Tag Archives: Dietary supplement

Can methylene blue improve memory?

1 Jul

Methylene blue is a chemical that has been used an antidote for cyanide poisoning. There have been suggestions over the years that it may have an effect on  memory. A paper titled “Multimodal Randomized Functional MR Imaging of the Effects of Methylene Blue in the Human Brain,” was recently published in the journal Radiology. Unfortunately, I have not been able to locate a copy of the original paper, so I am forced to rely on this account in ScienceDaily:

“A single oral dose of methylene blue results in an increased MRI-based response in brain areas that control short-term memory and attention, according to a new study. Methylene blue was associated with a 7 percent increase in correct responses during memory retrieval.”

Several media outlets report that methylene blue was shown to improve short term memory. This is one of the reasons I need to see the original paper. The phrase “short term memory” is used differently by psychologists than the general public. Indeed, many psychologists have abandoned the phrase altogether and, instead, talk about working-memory. When non-academics talk about short term memory they mean things like forgetting a phone number or someone’s name. In fact, most of these are failures of attention or long term memory, not problems with short term memory. Thus, I worry that reporting on this research may be very misleading.

The false promise of fish oil

24 Jul

I have been blogging a lot about diet lately and I should move onto other topics, but I think this Washington Post story is important:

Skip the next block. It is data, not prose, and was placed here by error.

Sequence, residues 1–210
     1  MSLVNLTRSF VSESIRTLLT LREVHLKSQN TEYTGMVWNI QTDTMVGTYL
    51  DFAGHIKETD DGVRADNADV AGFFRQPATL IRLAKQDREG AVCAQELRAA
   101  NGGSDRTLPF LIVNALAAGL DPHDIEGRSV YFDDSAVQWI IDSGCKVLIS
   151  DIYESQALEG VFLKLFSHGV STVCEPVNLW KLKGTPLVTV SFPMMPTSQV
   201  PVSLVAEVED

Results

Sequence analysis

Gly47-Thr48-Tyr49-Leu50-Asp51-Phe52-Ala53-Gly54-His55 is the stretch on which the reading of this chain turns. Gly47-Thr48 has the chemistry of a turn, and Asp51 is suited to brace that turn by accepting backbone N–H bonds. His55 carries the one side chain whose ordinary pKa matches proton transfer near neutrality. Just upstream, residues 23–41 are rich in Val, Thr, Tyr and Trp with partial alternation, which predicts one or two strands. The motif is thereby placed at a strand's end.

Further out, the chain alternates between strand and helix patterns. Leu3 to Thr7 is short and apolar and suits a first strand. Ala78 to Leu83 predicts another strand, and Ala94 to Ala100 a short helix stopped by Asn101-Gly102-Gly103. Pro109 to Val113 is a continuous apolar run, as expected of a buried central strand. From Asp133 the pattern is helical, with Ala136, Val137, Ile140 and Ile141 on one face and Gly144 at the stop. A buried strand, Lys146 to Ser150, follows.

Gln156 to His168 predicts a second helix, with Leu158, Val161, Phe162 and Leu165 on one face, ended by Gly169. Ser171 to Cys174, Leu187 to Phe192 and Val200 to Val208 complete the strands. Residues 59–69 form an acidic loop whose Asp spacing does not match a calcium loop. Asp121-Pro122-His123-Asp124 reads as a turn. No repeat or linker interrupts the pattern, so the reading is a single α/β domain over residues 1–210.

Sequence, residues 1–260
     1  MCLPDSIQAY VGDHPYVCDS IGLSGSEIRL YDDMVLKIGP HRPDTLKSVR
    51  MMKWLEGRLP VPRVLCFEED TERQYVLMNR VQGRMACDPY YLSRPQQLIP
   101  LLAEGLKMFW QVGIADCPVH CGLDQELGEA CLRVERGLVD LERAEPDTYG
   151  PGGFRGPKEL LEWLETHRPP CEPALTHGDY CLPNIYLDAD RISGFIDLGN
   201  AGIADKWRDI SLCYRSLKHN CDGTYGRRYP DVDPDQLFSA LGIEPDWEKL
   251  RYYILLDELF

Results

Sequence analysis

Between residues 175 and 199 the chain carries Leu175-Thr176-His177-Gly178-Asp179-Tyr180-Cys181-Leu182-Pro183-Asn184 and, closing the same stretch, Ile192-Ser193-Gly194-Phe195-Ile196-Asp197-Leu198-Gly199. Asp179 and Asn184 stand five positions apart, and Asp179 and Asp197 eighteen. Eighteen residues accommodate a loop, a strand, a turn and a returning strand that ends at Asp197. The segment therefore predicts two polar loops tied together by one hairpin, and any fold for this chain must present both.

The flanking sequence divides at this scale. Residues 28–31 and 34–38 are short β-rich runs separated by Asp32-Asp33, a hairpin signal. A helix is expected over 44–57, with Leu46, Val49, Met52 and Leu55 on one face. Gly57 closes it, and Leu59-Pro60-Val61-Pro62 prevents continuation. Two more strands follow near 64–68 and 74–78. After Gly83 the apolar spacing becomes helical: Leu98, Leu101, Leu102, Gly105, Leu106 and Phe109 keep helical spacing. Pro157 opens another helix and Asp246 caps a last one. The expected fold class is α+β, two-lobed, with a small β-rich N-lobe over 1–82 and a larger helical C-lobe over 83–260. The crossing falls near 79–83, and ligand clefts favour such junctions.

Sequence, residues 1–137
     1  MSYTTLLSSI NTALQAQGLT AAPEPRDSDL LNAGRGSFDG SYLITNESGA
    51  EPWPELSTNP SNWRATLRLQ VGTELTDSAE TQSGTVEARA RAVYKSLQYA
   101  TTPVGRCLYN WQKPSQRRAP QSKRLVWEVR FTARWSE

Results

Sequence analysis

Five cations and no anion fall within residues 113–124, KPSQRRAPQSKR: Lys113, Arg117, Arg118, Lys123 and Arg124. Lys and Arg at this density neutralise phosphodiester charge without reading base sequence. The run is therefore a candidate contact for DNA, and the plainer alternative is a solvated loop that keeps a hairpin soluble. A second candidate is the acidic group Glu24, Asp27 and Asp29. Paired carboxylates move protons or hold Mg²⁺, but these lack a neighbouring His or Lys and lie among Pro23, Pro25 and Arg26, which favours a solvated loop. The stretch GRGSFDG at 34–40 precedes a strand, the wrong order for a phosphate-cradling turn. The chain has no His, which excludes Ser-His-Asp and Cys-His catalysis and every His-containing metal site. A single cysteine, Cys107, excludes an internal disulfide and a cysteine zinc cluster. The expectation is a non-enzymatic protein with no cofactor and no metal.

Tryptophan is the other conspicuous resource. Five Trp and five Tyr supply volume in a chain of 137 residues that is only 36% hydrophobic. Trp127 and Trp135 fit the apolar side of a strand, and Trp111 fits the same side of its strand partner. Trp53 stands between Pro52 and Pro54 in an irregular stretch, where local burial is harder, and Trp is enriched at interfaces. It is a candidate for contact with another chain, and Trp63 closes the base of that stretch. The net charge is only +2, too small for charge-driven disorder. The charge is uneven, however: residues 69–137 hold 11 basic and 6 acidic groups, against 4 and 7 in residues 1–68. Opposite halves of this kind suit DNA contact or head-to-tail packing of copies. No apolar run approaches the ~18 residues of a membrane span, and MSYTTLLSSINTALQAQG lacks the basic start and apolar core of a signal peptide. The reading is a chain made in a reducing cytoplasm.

“People in the United States spend about $1.2 billion annually for fish oil pills and related supplements even though the vast majority of research published recently in major journals provides no evidence of a health benefit.”



Can nutritional supplements improve cognition in the elderly?

22 Jun

A review, just published, in Current Directions in Psychological Science:

“With increasing life expectancies in most Western populations, the number of people experiencing age-associated cognitive impairment is increasing. Research is needed to identify factors that may help the elderly maintain or even improve cognitive function in the face of advancing age. This review evaluates whether dietary supplementation with natural pharmaceuticals can be used as a means to improve cognitive function or limit cognitive decline. The evidence surrounding popular supplements such as Ginkgo biloba, fish oils, Bacopa monnieri, polyphenol extracts, and vitamins is reviewed briefly. Potential mechanisms of action are also highlighted. This review also discusses challenges surrounding cognitive testing in psychopharmacological research, highlighting discrepancies between the domains of human cognition as described by contemporary models and as measured in clinical trials.”

Here is the paper’s concluding paragraph: